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Is getting a Computer Science degree worth the time?

chrisjsymons profile image Christopher J Almeida-Symons ・2 min read

You will see many different arguments on whether developers are required to have Computer Science (CS) degrees. People saying "YES" you must have a Computer Science degree, while others say it is the experience that matters most. Well, they are both right.

When I first started coding, in the days of using tables for layouts, I was learning by looking at online tutorials. Without these, I would have never created my first hand-coded website. These were a valuable source to me, and have still remained a valuable source of learning.

Making the step into becoming a developer full-time, I realised there is so much more I needed to learn. I had to improve my foundation so I could build upon that. This is where my CS degree came in. I could not afford to go to university full time so decided on studying part-time.

Studying part-time, I believe, gave me a greater benefit as not only was I working towards the degree, I was getting valuable work experience. Being around people at work that has vast amounts of knowledge was allowing me to ask questions about what I was learning in my degree, and get real-world answers.

The CS degree gave me a greater foundation that I feel I was getting from doing tutorials online. Sure, I learnt languages which I probably will never use again, but, the logic around those languages and the paradigms they conform too are important aspects of coding. Being exposed to these languages helped me focus on which ones I enjoyed working with and the direction I would like my career to take. When I first started, my main goal was creating websites and I was a little bit more design focused. As I've gone through my degree I have changed to be more focused on software and providing the user with the service they require. Before people step in and say "a good system needs both good UI and UX", I know, I have just changed my focus from UI to UX.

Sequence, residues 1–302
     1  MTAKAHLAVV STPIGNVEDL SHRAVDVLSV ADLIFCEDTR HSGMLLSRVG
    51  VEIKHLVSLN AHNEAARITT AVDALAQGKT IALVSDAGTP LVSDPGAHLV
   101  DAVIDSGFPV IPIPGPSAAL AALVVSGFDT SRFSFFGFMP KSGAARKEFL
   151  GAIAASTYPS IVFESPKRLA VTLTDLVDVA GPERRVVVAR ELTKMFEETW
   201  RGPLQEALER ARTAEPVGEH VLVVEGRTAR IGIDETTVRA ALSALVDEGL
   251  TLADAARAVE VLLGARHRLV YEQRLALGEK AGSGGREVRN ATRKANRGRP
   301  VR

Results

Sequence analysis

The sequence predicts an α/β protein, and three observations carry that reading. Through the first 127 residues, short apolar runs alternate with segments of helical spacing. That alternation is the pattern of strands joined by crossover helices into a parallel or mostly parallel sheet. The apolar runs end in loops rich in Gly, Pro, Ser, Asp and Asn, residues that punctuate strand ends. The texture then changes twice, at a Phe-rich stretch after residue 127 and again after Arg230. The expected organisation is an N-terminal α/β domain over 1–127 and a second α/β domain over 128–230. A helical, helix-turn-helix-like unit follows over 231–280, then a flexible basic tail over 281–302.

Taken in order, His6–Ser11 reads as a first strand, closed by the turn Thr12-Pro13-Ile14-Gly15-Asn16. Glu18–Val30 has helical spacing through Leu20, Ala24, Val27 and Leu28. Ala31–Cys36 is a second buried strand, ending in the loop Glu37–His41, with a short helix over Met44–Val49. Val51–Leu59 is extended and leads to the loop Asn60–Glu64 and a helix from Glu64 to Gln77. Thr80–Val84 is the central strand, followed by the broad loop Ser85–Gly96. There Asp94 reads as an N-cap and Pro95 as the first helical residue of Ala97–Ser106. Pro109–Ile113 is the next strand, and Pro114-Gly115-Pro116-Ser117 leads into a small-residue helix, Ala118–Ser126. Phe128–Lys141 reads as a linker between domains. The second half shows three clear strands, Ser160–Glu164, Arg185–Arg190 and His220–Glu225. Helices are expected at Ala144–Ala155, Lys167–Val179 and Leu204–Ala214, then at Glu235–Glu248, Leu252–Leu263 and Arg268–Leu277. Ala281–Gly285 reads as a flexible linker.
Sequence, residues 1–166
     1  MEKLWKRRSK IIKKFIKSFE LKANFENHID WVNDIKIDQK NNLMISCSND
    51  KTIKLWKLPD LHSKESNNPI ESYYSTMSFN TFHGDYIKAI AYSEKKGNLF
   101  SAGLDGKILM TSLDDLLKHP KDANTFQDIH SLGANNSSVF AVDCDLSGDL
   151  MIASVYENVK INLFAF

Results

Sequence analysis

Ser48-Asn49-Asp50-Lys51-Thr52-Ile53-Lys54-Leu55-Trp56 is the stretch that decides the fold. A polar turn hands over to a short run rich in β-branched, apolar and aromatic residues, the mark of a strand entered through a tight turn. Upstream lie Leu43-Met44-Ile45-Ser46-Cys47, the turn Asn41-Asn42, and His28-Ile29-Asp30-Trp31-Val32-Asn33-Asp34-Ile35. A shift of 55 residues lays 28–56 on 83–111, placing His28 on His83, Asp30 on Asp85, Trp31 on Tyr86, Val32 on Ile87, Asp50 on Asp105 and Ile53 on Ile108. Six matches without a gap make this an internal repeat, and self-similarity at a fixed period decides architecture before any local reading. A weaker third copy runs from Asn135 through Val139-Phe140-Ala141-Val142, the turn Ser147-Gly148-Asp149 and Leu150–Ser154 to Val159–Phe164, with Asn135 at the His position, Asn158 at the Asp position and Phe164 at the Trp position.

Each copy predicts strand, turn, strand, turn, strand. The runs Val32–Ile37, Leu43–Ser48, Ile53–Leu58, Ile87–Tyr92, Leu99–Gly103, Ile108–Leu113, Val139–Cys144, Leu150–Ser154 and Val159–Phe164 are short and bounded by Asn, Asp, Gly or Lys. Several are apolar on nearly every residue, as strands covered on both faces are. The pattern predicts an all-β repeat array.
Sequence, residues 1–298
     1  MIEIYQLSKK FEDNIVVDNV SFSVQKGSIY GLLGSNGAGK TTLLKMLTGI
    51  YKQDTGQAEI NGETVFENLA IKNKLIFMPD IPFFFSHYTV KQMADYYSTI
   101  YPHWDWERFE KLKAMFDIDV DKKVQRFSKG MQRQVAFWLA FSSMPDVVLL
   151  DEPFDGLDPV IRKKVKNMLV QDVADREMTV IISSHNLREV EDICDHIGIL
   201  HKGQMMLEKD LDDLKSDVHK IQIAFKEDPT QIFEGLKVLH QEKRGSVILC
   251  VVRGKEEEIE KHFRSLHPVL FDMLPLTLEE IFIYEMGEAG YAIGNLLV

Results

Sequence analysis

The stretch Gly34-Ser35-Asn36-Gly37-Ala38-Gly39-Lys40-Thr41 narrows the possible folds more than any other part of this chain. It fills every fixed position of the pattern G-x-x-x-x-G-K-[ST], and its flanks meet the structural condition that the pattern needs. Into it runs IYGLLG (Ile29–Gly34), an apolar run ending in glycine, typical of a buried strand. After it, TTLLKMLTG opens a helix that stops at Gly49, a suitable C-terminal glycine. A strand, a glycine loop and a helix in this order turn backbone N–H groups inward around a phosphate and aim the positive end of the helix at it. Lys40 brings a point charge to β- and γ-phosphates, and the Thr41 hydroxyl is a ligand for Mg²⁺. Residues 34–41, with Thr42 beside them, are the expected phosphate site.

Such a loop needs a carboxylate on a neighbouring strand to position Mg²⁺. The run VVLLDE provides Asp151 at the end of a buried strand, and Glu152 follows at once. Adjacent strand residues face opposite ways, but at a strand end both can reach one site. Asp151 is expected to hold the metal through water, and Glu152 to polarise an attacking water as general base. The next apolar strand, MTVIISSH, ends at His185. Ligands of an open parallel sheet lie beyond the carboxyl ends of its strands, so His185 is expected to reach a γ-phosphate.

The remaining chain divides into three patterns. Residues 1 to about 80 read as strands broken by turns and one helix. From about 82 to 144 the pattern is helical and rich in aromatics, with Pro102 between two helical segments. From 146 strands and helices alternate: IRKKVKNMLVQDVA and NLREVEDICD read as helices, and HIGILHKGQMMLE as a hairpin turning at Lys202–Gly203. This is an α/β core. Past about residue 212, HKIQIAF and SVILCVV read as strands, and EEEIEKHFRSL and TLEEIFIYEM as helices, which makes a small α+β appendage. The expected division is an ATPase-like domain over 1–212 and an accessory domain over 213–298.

Since finishing my degree I have continued my learning using online courses, but without the knowledge gained from my CS degree, I feel I would struggle to understand some of the concepts as easily as I do now.

All in all, I believe it is good to have a CS degree but I do not take away the real world experience I have gained. With so many more online resources new developers can gain the same knowledge as someone with a CS degree. One issue of learning this way, unfortunately, is when you start applying for jobs, as many companies require a degree. One of my previous companies hired me without a degree and when I came to hire new developers I was told they must have a degree. Due to this, I believe they missed out on hiring some great developers because they did not have a degree.

If you enjoy coding, and learning, this will never stop you finding a job within this industry and not having a degree will never stop you. If you have the time and resources to attend universtiy, whether fulltime or part-time, I certainly recommend it.

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Christopher J Almeida-Symons

@chrisjsymons

UX Engineer. Always looking to expand my knowledge.

Discussion

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I agree with you completely. I got a degree in CS when I realized that all I wanted to do was code. At the time I didn't really consider getting hired I just wanted to understand how software worked from the lowest level to the user experience. In the degree I was in we started with a high level language for a single class (C#) then we went down to C++ to learn the intricacies of memory management, threading, etc. Our first algorithm and data structure classes were in C++, then we had to learn assembly. After the initial algorithm gauntlet, we were encouraged to use any language we wanted for the theory classes. I learned more in exploring the ways that different languages played middleman between the developer and the machine than I would have studying theory or languages on my own. Given clear goals, guidance, and free range brought to light the similarities between all languages. Doing this definitely reinforced the idea that the language, structures, and algorithms were just tools there for us to come to an end goal. Without the guidance of the degree I don't think I would have been nearly as ready to jump into a developer position as I would have had I studied on my own.

The CS degree I did a lot of devs would say was lower level than they would want, but with the understanding of how everything works from metal to face gives insight to how we interact with hardware that can be taken to a higher level and expanded on.